To be a little more specific, two types of platforms were discussed.  The first was a common collection of ingredients that you can customize to cure different diseases.  Consider this bread analogy: you have a recipe for pecan bread.  You try replacing the pecans with almonds, now you have almond bread.  You replace them with blueberries and now you have blueberry bread.  Your bread is what the pharma guys would call a "platform".  You drop in one new ingredient to create a new bread.  If your bread recipe is good at this sort of flexibility, then a commercial bakery would be very interested in it, as well as all the "specialty" bread recipes.

Bayhills has exactly this kind of platform:  it is a ring structure of several chemicals, one of which is specific to type-1 diabetes.  That drug is called BHT-3021 and is targeted at type-1 diabetes.  But if you take the same basic ring, and replace the type-1 chemical with a different one aimed at multiple sclerosis, then the drug is called BHT-3009 and is aimed at MS.  And so on....

Another kind of platform is a method to find drugs, which you can use again and again on different diseases.  Again, to use a cooking analogy, let's say you are looking for a dinner recipe and so you grab a can of chicken soup and pour it over chicken meat and bake it.  A week later you grab mushroom soup, pour it over beef and bake that.  You now have a "platform" for making recipes.  The platform is this: pour a can of soup over a meat and bake it.  None of the ingredients are reused (as they are above), but the basic technique is reused.    There were a couple of different researchers with this kind of platform at the meeting.  Including Apitope and Dr. Mannie (neither in clinical trials as yet).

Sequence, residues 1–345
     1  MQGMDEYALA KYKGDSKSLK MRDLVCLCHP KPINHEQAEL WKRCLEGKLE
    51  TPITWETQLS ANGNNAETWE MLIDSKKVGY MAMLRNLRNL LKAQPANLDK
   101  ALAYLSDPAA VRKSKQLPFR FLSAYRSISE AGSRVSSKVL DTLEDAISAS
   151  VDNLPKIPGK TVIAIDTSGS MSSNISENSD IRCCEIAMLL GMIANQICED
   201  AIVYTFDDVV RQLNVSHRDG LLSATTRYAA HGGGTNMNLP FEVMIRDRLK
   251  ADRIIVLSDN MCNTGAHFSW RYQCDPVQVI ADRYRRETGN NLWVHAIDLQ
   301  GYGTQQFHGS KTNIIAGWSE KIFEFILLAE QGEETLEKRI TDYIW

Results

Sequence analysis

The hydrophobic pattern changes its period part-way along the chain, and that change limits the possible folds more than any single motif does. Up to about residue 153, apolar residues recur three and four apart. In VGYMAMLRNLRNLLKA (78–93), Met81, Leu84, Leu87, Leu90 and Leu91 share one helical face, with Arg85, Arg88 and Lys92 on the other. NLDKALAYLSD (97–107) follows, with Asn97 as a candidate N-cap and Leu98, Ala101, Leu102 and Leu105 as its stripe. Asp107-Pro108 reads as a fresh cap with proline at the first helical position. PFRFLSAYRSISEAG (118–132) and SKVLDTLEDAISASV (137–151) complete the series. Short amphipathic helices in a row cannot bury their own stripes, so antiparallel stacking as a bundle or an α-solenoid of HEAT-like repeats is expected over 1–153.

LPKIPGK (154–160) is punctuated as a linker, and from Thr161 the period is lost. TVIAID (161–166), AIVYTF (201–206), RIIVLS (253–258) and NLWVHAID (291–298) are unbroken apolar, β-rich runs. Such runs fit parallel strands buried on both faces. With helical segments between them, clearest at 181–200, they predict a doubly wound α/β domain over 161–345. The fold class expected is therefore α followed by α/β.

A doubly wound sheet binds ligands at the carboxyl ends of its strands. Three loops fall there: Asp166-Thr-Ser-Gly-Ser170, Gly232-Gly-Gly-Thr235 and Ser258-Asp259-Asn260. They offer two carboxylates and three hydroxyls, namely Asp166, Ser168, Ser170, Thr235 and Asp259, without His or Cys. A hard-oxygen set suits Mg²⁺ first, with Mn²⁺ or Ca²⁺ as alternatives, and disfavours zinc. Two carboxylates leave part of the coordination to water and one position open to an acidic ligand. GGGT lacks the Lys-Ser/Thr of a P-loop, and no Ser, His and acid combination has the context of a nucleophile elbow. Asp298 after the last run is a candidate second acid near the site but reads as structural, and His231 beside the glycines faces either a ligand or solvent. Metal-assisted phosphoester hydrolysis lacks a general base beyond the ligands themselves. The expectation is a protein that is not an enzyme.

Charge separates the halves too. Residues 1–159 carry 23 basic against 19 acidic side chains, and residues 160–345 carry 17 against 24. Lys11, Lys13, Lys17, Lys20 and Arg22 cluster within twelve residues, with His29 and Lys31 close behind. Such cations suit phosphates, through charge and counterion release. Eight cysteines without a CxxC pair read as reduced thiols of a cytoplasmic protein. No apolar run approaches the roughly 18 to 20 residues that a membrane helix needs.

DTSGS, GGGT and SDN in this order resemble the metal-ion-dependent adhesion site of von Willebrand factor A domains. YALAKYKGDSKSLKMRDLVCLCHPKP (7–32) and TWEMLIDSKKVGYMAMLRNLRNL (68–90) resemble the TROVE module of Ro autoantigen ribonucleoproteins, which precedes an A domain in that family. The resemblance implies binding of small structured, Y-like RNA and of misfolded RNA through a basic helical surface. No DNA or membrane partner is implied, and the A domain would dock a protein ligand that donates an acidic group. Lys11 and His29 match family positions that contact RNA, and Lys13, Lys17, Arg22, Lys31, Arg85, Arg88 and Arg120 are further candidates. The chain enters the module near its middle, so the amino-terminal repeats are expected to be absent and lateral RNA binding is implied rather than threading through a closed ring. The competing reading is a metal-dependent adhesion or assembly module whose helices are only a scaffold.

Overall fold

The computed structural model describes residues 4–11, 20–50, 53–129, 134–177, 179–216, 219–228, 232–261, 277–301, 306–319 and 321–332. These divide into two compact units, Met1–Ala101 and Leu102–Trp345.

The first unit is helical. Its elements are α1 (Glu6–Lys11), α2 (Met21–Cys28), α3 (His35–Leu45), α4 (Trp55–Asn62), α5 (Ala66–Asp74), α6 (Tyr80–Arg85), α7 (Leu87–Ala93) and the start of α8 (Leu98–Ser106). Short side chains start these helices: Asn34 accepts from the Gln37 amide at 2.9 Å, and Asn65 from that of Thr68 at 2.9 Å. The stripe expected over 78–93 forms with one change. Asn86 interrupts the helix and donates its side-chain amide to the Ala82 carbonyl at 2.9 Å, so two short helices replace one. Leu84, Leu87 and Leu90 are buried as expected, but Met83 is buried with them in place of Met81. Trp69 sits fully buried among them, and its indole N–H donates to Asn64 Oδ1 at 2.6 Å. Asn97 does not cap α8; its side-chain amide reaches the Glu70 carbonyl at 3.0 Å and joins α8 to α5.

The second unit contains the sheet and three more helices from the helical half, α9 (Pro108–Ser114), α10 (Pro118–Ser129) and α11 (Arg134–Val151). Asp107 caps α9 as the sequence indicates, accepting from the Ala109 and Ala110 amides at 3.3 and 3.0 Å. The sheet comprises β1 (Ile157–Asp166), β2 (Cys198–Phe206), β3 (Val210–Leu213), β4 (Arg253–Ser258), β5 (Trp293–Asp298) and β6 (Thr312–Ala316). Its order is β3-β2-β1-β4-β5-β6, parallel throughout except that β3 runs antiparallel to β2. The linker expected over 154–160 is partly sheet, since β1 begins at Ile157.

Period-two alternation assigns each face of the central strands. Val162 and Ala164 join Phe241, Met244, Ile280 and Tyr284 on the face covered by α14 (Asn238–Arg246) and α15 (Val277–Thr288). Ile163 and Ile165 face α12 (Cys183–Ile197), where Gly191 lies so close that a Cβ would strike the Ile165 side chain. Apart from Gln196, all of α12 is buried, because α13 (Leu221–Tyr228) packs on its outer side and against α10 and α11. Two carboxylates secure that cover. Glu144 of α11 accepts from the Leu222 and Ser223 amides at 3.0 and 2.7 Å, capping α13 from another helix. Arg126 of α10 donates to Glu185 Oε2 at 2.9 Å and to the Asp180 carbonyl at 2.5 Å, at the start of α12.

Bio-Marker
The second most important word at the symposium was "bio-marker".  A bio-marker is a way to do an experiment for cheap.  For example, lets say you have a drug and you think it cures type-1 diabetes.  Running an experiment to see if it does will take years: you need to make sure type-1 doesn't come back.  However, if you had some blood test that told you the person no longer had type-1, then you would not need to follow them for years.  You would just need to do the blood test.  That blood test would be for a "bio-marker".  Something that showed you the drug had worked, but was cheaper, quicker, and easier than seeing if it had really worked.  Finding a bio-marker for a disease speeds up ALL research aimed at curing that disease, and it attracts research money to that disease, since research there is less risky.

C-peptide is such a bio-marker for type-1 diabetes, but the pharma guys are always wishing that there were more.  It makes research, cheaper, quicker, less risky, and less unknown.  It is especially important that the government regulators agree to the use of the bio-marker.  If they do, then you can get government approval that the drug is useful, based on the bio-marker: quicker, cheaper, less risky, and you know approval will be granted.